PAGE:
Saturday, November 10, 2012

Review: Songs of Migration

I had another date night with one of my sons, Chad, and we headed off to the Artscape Theatre to watch Songs of Migration which have just returned to South Africa after performing in Washington DC, London and Amsterdam. A show about migration - the songs of migration of those who would move across the African continent in search of a new future.

Two internationally acclaimed South African artists Hugh Masekela and Sibongile Khumalo, masterful storytellers - led us on a journey of joy and excitement, sorrow, victory and freedom.  This production was not only about a journey of migrants but the political journey in South Africa.  Issues of prejudice, expectations and township life were laid bare before us as.  Incredible as this may sound, I was faced with emotions and situations that I, as a white South African have never had to experience and had in fact never thought through or faced.

Though many of the songs were in traditional South African languages, so much of what was being expressed was portrayed in drama, song and music. Beautiful music and wonderful songs sung by performers whose showmanship had us laughing, singing and clapping along.  Hugh Masekela's flamboyant dance antics with a wicked sense of humour and a bit of swagger has the audience in stitches.  Sibongile Khumalo sang on par with any international singer I have ever heard.  I felt privileged to hear her sing and perform alongside Hugh.

There were some special moments in the performance that really made an impact on me: at one point the old South African flag was replaced with the current flag and I felt the elation of the moment and the victory.  It brought back so many memories of that eventful day when I voted and knew that there was a new day dawning.  I also loved the haunting melodies played by internationally acclaimed trumpeter Hugh Masekela.  What a talented man and what an asset he is to our theatres! The five piece band were brilliant.  I heard them use their voices as instruments, saw traditional African instruments and was enthralled by the violinist.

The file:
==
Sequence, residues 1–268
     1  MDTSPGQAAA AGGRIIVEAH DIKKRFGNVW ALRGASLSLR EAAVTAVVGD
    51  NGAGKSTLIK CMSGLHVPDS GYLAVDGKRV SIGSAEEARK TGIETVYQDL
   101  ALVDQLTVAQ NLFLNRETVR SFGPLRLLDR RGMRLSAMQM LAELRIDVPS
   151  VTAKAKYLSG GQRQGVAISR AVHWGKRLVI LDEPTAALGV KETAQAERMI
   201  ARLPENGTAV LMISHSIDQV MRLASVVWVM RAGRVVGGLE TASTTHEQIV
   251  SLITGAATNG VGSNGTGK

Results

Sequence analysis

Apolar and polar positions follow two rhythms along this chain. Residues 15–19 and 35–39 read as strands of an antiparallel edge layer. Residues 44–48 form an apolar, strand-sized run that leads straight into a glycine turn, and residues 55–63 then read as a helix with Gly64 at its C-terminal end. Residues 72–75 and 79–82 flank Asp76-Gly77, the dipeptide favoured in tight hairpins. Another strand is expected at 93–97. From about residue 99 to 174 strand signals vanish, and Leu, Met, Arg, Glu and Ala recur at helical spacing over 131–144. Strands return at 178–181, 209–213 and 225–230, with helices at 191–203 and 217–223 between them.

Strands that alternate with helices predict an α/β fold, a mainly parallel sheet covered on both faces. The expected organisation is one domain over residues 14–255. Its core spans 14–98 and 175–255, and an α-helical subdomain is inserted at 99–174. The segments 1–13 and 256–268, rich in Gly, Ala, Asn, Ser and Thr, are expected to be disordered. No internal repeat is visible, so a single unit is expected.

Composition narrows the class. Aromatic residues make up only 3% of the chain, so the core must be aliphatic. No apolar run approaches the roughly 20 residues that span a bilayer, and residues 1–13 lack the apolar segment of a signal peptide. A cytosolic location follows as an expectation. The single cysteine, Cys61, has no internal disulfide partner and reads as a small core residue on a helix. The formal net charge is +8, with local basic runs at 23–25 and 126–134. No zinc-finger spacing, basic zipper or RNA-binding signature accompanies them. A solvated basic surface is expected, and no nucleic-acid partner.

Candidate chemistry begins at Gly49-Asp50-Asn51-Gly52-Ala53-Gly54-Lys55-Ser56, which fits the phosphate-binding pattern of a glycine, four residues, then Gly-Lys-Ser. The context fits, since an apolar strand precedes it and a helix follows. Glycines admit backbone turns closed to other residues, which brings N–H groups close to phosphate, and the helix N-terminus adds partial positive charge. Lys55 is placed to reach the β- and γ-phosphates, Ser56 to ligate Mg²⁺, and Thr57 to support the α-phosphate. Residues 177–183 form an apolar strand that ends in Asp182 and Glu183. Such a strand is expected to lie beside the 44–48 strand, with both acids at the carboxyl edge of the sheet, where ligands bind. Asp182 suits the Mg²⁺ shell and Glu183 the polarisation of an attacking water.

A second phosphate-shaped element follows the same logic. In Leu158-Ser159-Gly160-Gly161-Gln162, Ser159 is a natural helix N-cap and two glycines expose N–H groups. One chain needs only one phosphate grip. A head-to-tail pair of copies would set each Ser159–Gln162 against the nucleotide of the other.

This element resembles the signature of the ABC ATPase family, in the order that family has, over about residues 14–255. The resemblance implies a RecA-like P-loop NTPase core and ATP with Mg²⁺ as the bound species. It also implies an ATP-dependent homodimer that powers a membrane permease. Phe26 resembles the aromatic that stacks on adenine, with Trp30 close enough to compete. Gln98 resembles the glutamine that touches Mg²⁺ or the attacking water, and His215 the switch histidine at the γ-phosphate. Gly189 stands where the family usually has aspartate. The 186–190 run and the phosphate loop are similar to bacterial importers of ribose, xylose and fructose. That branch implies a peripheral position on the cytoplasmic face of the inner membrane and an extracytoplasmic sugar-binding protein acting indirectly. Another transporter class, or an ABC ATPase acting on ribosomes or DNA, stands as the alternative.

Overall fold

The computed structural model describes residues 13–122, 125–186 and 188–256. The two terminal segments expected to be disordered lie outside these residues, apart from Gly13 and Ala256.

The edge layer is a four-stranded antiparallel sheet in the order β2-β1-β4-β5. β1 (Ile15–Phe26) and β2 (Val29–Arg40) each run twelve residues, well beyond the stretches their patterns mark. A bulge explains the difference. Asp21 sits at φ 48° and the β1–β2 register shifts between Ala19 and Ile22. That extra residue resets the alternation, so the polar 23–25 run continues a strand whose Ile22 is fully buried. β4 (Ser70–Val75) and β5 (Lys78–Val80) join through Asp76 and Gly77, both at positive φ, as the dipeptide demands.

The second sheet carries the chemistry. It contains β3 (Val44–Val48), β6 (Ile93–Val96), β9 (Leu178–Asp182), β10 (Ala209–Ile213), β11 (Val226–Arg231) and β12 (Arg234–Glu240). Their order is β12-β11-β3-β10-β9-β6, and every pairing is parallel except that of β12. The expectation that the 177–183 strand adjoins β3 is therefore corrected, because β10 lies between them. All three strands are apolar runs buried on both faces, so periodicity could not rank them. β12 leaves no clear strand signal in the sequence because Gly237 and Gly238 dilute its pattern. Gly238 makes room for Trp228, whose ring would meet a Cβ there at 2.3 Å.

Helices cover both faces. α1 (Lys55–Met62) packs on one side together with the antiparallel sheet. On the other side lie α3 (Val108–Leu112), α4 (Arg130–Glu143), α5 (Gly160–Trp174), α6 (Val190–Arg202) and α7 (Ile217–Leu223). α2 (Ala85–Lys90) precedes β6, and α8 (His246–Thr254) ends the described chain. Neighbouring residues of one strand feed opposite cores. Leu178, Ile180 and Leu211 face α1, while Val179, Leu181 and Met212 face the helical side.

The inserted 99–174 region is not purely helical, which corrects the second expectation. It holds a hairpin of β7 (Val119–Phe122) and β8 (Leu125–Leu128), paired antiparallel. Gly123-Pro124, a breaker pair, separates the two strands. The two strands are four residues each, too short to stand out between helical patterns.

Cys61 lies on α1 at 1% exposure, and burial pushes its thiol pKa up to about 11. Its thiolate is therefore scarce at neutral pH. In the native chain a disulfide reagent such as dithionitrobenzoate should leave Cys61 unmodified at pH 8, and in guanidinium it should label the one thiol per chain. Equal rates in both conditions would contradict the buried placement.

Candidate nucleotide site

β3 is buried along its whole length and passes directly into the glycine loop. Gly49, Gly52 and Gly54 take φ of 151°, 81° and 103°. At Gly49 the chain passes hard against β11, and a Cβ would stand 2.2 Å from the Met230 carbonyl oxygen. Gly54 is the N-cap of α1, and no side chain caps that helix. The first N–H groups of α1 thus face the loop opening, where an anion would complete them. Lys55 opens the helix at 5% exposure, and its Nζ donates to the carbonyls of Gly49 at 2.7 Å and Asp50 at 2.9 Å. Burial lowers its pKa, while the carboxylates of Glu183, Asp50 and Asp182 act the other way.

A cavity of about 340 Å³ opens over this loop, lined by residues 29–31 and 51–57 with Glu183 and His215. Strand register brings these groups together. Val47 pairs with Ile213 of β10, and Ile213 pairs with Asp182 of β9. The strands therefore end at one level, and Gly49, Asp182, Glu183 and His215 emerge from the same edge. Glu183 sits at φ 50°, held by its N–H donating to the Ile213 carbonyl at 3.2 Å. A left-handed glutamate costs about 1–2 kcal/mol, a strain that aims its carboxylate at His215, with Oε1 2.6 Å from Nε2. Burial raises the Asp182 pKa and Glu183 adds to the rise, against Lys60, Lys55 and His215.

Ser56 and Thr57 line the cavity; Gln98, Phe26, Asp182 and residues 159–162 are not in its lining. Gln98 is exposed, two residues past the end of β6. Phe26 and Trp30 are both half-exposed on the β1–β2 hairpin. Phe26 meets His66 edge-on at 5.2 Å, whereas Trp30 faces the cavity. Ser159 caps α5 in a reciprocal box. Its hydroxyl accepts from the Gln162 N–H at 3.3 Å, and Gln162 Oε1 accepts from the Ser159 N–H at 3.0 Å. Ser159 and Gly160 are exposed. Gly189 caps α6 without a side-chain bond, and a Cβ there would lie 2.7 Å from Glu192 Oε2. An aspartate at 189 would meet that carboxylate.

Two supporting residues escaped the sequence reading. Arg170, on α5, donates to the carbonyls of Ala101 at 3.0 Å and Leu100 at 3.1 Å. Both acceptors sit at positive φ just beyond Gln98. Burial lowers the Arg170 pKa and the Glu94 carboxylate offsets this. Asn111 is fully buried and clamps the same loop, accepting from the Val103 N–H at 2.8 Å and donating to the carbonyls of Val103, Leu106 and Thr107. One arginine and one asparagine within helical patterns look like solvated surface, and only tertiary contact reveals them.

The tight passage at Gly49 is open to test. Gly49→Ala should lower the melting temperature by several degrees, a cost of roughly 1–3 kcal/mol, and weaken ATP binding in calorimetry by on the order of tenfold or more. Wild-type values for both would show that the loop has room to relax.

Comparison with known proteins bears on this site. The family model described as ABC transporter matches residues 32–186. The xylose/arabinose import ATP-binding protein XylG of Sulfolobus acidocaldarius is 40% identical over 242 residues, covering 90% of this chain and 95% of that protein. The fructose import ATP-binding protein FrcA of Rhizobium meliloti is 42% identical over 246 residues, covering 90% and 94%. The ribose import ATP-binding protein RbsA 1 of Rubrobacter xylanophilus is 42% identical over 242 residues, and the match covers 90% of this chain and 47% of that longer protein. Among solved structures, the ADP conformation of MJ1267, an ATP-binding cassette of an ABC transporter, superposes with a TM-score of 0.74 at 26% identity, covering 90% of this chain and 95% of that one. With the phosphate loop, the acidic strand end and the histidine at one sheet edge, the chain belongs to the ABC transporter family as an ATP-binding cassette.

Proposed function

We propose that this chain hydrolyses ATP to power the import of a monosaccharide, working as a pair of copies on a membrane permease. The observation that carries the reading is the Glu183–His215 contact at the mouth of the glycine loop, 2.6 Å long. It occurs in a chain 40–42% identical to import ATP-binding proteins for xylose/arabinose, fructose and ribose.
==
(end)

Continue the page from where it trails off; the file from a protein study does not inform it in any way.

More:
I would have liked to have had a translator sitting next to me as I felt at a distinct disadvantage not knowing what they were singing about and some of the dances were clearly significant in their movements and style. Chad struggled with this production because of not understanding a lot of what was happening due to his age. I know Declan who is 12 would have enjoyed this more.  With the added element of no intermission which surprised me,  it was just far too much to expect from him.  Too much for an 8 year old - especially a boy with so much energy!  I was taken by surprise as at one point Hugh swore very crudely which took me by surprise but thank goodness my son didn't seem to notice it too much.  There were also a few sexual movements and connotations which I didn't think were appropriate for a child to see.

I also stumbled on this short video on You Tube where both Hugh and Sibongile were interviewed on the Expresso Show.

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